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Paper Chase

Hippo signaling regulates microprocessor and links cell-density-dependent miRNA biogenesis to cancer.

Cell. Feb 27, 2014;156(5):893-906.
Mori M, Triboulet R, Mohseni M, Schlegelmilch K, Shrestha K, Camargo FD, Gregory RI.

Stem Cell Program, Boston Children's Hospital, MA 02115, USA; Department of Biological Chemistry and Molecular Pharmacology and Department of Pediatrics, Harvard Medical School, Boston, MA 02115, USA; Harvard Stem Cell Institute, Boston, MA 02115, USA. Electronic address: rgregory@enders.tch.harvard.edu.

Abstract:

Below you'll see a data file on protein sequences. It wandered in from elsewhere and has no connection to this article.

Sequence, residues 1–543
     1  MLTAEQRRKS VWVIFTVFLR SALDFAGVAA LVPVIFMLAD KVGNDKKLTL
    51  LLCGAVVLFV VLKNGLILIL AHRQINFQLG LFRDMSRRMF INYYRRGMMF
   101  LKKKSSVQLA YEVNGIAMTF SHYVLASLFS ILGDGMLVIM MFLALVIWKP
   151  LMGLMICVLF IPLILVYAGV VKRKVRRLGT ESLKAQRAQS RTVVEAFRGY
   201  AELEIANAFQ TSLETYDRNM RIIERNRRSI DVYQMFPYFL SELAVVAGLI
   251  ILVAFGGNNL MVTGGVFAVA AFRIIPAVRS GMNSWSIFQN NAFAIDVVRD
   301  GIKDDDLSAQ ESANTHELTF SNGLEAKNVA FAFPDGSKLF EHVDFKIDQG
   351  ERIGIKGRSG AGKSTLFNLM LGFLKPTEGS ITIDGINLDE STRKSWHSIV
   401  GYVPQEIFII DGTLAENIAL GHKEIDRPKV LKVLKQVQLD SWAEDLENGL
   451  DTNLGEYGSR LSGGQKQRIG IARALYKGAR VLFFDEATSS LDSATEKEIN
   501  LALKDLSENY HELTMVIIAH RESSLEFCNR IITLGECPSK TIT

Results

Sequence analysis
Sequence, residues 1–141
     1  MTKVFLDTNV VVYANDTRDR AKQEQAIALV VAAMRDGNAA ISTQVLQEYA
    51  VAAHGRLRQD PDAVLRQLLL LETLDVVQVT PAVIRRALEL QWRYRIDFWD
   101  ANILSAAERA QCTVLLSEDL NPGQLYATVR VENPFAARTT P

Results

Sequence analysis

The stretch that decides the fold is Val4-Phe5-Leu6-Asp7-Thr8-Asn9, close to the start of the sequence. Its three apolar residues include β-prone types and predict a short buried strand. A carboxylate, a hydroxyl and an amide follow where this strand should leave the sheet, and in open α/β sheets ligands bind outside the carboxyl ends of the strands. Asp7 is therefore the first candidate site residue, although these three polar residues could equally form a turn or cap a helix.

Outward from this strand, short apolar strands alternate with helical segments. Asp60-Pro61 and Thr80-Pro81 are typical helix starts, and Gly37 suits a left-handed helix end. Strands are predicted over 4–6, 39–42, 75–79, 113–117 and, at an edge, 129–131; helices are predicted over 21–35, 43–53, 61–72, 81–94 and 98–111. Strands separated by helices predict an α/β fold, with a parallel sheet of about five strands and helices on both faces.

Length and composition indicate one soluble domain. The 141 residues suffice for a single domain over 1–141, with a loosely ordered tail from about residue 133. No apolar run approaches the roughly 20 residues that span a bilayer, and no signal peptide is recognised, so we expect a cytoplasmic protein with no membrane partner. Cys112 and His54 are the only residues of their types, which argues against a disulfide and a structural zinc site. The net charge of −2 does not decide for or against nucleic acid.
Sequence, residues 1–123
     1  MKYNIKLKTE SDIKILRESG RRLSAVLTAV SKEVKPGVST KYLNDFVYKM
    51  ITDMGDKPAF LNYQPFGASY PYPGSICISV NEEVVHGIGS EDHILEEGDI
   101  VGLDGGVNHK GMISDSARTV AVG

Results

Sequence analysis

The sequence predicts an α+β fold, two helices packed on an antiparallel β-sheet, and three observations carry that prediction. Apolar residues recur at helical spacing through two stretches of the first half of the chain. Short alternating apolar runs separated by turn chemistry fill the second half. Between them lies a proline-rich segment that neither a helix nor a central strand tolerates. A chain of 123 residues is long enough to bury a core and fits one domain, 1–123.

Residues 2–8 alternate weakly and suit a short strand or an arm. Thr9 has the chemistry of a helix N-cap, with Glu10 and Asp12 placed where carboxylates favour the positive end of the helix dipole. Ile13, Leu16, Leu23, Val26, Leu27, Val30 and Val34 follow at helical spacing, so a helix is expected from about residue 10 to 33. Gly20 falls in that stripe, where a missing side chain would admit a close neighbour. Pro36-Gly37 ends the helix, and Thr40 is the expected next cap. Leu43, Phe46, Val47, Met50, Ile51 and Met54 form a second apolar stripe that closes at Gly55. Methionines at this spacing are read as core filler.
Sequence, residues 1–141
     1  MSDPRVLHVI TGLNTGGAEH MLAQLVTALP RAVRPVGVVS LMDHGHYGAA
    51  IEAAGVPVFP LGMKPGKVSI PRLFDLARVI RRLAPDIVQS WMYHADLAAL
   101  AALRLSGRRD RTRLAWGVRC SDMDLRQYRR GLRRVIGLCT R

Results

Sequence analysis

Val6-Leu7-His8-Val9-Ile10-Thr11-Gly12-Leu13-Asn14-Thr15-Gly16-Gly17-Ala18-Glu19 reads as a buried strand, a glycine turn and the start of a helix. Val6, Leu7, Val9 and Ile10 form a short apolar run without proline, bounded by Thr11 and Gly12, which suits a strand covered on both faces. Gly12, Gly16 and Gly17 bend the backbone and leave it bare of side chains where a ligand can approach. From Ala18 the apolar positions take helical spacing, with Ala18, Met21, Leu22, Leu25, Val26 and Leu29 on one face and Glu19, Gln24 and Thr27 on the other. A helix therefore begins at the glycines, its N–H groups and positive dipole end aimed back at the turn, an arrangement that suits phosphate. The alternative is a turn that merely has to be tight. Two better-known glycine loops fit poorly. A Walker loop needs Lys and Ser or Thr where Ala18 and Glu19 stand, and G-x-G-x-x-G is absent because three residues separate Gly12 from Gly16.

Global downregulation of microRNAs (miRNAs) is commonly observed in human cancers and can have a causative role in tumorigenesis. The mechanisms responsible for this phenomenon remain poorly understood. Here, we show that YAP, the downstream target of the tumor-suppressive Hippo-signaling pathway regulates miRNA biogenesis in a cell-density-dependent manner. At low cell density, nuclear YAP binds and sequesters p72 (DDX17), a regulatory component of the miRNA-processing machinery. At high cell density, Hippo-mediated cytoplasmic retention of YAP facilitates p72 association with Microprocessor and binding to a specific sequence motif in pri-miRNAs. Inactivation of the Hippo pathway or expression of constitutively active YAP causes widespread miRNA suppression in cells and tumors and a corresponding posttranscriptional induction of MYC expression. Thus, the Hippo pathway links contact-inhibition regulation to miRNA biogenesis and may be responsible for the widespread miRNA repression observed in cancer.